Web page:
Security and EDI, the Trojan horses of cyber attackers

Published on 28 June 2021

Generix Group

If no one is safe from a cyber attack, the multiplication of EDI flows increases the vulnerability of a company. Indeed, EDI flows with less protected subcontractors can be privileged entry points for attackers. The choice of a reliable and certified EDI provider is becoming more and more necessary. 

SMEs, the weakest link in cybersecurity

When it comes to cybersecurity, small businesses are the weakest link and the ones that attackers are looking to take down first in order to reach larger targets. Faced with this phenomenon, some companies call upon rating companies to estimate the security level of their suppliers and eventually select them according to their score in calls for tender. This approach is extremely costly and is nevertheless reserved for a few large international companies. 

A study conducted by cybersecurity firm BlueVoyant shows that among the 1,500 companies surveyed, 77 percent of CISOs and CIOs point to a complete lack of visibility into their vendors' security. At the same time, 82% have experienced at least one data breach in the past 12 months. This lack of control over third-party security can be explained by the fact that companies' cyber resources are obviously focused on securing their own information systems. Some companies send a security questionnaire to their partners to assess their practices, but the number of vendors a company has, on average around 1,000 partners, strains the company's ability to control them. Cyber threats and protection systems are constantly evolving, and even systems that may appear to be the most mature, such as EDI (Electronic Data Interchange), are not always the most secure.


EDI, a secure technology, but not safe from attackers

By design, EDI flows are secure: the protocol ensures the integrity and traceability of exchanges. The data itself is encrypted, which guarantees its confidentiality and integrity. The scenario of a disorganization of the activity following the sending of falsified data is to be ruled out, but the EDI flows can potentially be exploited by hackers to infiltrate the information system of a company or its EDI provider, or to divert data in an indirect way.
Since the 2010s, EDI network flows initially carried by the specialized X25 network have given way to IP and Internet connections. In the same way, the use of EDI has expanded, especially among SMEs, thanks to the development of Web-EDI type solutions, accessible to all. Any company can communicate EDI data via a simple Web browser and this democratization increases the risk of computer hacking.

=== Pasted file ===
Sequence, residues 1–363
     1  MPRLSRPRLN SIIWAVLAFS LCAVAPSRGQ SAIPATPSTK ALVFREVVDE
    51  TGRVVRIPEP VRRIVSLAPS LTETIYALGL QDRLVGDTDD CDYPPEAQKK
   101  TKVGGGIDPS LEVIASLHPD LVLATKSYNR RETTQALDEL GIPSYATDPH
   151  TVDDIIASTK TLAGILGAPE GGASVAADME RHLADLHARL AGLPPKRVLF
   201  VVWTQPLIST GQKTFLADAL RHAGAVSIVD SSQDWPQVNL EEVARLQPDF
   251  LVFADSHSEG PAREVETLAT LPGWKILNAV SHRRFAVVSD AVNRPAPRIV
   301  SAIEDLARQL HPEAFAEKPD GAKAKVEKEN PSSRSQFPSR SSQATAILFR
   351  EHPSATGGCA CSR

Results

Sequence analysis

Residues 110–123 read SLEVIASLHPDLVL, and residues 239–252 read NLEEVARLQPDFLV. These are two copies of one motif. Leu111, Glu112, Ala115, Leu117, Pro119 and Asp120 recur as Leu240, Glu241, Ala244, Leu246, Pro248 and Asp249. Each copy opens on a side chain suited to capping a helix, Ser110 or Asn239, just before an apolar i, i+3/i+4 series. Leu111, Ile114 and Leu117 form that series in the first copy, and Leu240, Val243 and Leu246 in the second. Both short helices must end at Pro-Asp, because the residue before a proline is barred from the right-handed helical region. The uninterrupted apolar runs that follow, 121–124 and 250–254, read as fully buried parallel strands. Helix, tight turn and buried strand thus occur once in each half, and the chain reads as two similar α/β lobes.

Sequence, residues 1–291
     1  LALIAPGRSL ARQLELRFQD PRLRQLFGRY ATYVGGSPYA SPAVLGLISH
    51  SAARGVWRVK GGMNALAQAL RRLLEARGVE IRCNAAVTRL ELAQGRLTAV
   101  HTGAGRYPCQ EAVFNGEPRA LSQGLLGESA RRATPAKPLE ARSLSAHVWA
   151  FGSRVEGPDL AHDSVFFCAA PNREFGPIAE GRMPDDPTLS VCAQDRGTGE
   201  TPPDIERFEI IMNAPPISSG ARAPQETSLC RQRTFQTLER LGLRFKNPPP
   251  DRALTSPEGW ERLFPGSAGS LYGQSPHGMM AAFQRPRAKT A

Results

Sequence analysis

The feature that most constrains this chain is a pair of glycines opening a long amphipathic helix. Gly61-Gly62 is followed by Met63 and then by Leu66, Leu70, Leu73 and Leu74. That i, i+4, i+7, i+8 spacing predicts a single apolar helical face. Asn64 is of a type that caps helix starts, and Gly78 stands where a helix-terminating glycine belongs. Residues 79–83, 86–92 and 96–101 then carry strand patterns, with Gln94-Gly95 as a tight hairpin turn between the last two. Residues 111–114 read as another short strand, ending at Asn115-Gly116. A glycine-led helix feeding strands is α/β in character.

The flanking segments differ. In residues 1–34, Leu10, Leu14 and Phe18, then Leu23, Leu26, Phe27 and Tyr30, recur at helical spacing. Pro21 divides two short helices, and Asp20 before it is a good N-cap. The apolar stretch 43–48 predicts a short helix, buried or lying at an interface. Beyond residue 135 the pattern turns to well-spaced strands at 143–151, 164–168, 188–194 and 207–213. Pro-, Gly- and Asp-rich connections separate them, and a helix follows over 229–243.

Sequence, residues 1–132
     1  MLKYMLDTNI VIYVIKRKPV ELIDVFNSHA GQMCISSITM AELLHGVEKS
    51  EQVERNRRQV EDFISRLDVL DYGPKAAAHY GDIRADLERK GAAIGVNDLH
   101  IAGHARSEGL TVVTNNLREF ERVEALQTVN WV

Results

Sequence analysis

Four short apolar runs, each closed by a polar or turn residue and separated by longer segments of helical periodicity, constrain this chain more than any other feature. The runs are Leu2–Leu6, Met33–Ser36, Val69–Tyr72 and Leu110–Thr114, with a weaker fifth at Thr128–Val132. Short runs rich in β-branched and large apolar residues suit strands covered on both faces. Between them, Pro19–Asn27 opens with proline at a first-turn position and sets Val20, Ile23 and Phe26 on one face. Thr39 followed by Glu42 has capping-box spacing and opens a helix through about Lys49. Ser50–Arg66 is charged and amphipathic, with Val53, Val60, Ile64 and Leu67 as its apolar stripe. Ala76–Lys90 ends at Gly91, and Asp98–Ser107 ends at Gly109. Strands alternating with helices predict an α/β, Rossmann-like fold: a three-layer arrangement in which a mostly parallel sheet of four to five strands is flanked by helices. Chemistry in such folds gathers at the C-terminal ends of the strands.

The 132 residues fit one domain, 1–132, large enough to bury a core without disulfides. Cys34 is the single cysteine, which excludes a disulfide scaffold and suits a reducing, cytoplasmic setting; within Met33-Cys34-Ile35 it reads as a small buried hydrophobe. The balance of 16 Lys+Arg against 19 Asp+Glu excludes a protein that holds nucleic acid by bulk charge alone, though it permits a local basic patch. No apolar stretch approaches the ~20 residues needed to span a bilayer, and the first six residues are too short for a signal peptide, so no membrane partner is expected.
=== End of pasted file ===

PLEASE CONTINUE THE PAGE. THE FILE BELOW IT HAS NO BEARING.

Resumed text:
The ecosystem, a concept too often underestimated by companies.

In the case of a supplier who is asked to retrieve address lists for deliveries, his computer queries his customer's computer via a flow that links the platforms through access rights. By attacking the supplier, the cyber attacker opens a breach towards the client company.

While it is appropriate for the provider to protect its customers, it is also up to the client company to qualify the trust it places in the provider. In every respect, because intrusion attempts are polymorphous: if identity theft is the most frequent case, companies must generally limit the flow of sensitive data communicated within their ecosystem. 

The support of all EDI formats and protocols on the market is the first criterion for choosing an EDI solution. The platform must support EANCOM, EDIFACT, XML, UBL, HL7, JSON, PDF or X12, but also offer interfaces with ERP and business software packages such as SAP, Microsoft, Oracle or Sage. Finally, the EDI provider must obviously have interoperability capabilities with all the countries with which the company will have to exchange. But today, the choice of EDI provider must also be based on its maturity and its investments in cybersecurity

The role of the EDI provider has evolved; it has become a key actor to protect companies from these attacks and the company itself must ensure the seriousness of the protections put in place by its EDI provider before connecting to its service. 

Certifications and standards are a way to ensure the seriousness of its processes. An ISO 27001 certification appears as an essential criterion in the selection of an EDI provider. It is up to the provider to ensure that the data flow is not subject to a "Man in the Middle" attack. It is also the provider who stores the data exchanged between EDI partners. This storage must therefore be encrypted to ensure that, even if an attacker manages to penetrate the defenses in place, he cannot exploit the data exposed to his attack. Asymmetric encryption is the most secure solution to protect data, but some players are now even turning to Blockchain technology to further increase the security level of their EDI. 

To discover all the features of our EDI solution in SaaS mode, go to our dedicated page.

Study "Third-Party Supply Chain Cyber Risk - CISO Report", BlueVoyant, novembre 2020